Galectins, a family of lectins with affinity for N-acetyllactosamine (LacNac) residues, have diverse roles in shaping the course of innate and adaptive immunity and tailoring inflammatory responses, thereby modulating tumor immunity and autoimmune reactions (2, 3). In this perspective article, we review current knowledge on the role of galectins in inflammatory intestinal disorders, and present new findings on the regulated expression of galectin (Gal)-1 in intestinal tissue of celiac disease (CeD) patients.
Galectins, evolutionarily conserved glycan-binding proteins, play key roles in multiple immune cell processes. Either through protein-glycan or protein–protein interactions, these lectins function within the extracellular milieu by interacting with various glycosylated receptors, or work inside the cells by controlling distinct signaling pathways and modulating intracellular processes (3, 4).
To date, 15 members of the galectin family have been identified in vertebrates, which were classified into three groups based on their molecular architecture: (a) “proto-type” galectins, comprising a single polypeptide chain with one carbohydrate recognition domain (CRD) that is able to dimerize (Gal-1, -2, -5, -7, -10, -11, -13, -14, and -15); (b) “chimera-type” Gal-3, which consists of a C-terminal CRD linked to an N-terminal peptide, and (c) “tandem repeat-type” galectins composed of a single polypeptide chain exhibiting two CRDs in tandem connected by a linker peptide (Gal-4, -6, -8, -9, and -12) (4, 5). While some members of the family (e.g., Gal-1 and Gal-3) are widely distributed among different tissues and species (6–8), others have more restricted tissue localization. For example, Gal-7 is preferentially found in the skin (9, 10), Gal-12 is mostly expressed in adipose tissue (11, 12), Gal-5 is restricted to rat reticulocytes (13, 14) and Gal-10 is found in human but not mouse eosinophils (15).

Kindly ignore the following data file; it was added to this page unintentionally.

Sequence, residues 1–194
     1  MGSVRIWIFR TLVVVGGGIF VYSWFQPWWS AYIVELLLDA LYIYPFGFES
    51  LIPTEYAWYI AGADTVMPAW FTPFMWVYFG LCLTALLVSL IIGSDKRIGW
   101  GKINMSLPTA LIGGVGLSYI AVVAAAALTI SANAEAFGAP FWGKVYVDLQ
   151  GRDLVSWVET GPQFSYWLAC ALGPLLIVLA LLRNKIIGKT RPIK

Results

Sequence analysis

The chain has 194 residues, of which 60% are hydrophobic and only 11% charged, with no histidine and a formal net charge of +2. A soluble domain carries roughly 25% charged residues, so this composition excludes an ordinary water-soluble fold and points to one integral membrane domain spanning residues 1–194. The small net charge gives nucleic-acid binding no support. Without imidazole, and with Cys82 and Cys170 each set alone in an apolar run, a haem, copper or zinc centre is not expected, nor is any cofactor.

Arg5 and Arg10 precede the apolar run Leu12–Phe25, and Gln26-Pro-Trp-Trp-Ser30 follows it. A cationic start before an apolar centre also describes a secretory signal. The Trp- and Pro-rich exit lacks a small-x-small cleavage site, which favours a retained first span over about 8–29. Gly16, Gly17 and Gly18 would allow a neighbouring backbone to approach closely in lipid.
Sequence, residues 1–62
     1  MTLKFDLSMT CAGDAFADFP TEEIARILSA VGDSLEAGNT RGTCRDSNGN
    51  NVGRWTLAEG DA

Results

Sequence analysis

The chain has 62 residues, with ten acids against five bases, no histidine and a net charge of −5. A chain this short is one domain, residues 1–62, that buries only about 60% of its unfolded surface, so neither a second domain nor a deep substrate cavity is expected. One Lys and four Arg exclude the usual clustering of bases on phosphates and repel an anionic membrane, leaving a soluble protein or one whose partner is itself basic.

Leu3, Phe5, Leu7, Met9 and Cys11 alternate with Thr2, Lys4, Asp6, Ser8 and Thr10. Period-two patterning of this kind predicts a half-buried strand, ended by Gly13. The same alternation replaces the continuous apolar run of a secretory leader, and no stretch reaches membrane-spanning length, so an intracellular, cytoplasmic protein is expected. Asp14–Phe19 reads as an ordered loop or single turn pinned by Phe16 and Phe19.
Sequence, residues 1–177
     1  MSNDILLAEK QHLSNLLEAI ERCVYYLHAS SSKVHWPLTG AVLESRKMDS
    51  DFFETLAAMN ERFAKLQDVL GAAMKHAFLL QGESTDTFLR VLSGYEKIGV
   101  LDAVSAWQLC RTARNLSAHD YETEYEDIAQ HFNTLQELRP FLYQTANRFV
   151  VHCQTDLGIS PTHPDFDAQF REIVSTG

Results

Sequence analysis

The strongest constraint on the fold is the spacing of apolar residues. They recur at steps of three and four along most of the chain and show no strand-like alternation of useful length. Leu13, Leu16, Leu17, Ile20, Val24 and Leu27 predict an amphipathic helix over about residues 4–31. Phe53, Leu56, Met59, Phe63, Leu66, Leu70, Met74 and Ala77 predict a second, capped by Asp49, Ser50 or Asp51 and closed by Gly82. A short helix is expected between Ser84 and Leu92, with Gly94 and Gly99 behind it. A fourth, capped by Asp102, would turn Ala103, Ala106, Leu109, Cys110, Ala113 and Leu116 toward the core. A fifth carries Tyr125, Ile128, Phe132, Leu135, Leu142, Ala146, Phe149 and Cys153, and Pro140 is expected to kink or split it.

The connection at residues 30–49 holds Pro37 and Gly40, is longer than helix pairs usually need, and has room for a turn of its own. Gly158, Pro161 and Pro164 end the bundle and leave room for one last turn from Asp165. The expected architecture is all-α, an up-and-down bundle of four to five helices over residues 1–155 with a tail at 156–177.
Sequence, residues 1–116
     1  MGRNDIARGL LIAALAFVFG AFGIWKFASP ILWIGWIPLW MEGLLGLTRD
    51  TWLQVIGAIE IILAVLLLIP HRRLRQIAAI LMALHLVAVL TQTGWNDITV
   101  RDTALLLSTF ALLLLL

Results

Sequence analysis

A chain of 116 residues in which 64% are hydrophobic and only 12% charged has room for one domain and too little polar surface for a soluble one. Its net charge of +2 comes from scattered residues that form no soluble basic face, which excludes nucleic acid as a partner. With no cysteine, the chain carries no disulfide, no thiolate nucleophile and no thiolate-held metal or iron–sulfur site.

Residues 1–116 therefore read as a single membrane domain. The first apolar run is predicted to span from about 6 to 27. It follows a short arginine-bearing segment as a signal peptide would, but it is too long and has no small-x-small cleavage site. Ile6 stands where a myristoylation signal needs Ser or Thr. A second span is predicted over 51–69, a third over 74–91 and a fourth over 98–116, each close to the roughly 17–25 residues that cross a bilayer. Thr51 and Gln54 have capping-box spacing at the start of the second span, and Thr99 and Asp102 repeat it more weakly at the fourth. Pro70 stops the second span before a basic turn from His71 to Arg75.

Once synthesized, galectins may remain within the intracellular compartment and participate in protein-protein interactions to regulate intracellular events (16, 17). For example, both Gal-1 and -3 participate in pre-mRNA splicing (18) whereas Gal-10 modulates functionality of human CD25+ Treg cells (19). However, despite the lack of a classical secretory signal peptide, most galectins are released through an unconventional route to the extracellular compartment (20). Secreted galectins can specifically decipher biological information encoded in complex saccharide structures (particularly LacNac-enriched complex branched N-glycans and core 2 O-glycans), and convey this biochemical information into functional cellular responses (3, 17). Although saccharide structures are widely distributed in a range of glycoconjugates, individual galectins may co-opt a particular set of glycosylated receptors, generated by the coordinated action of glycosyltransferases and glycosidases which are differentially regulated in distinct target cells (4, 21, 22). Notably, one-CRD galectins can dimerize via the back sides of their CRDs, whereas chimera-type Gal-3 can pentamerize via its non-lectin N-terminal domain, and tandem-repeat galectins can oligomerize (17). Thus, through formation of multivalent galectin–glycan complexes, galectins can promote cross-linking, reorganization, and clustering of glycosylated receptors thereafter regulating their activation and signaling (23, 24). Within the immune compartment, galectin–glycan complexes may control signaling thresholds of relevant receptors such as the T-cell receptor (25), pre-B cell receptor (26), and cytokine receptors (27) among others, thereby modulating lymphoid and myeloid regulatory programs.